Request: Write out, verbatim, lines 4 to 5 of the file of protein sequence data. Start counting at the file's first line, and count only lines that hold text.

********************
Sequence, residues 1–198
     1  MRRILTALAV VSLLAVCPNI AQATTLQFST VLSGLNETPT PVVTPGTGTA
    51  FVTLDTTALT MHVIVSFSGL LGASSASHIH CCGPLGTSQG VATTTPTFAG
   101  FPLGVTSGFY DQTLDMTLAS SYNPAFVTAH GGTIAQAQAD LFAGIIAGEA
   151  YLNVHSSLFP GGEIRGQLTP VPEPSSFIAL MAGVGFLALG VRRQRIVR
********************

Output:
   101  FPLGVTSGFY DQTLDMTLAS SYNPAFVTAH GGTIAQAQAD LFAGIIAGEA
   151  YLNVHSSLFP GGEIRGQLTP VPEPSSFIAL MAGVGFLALG VRRQRIVR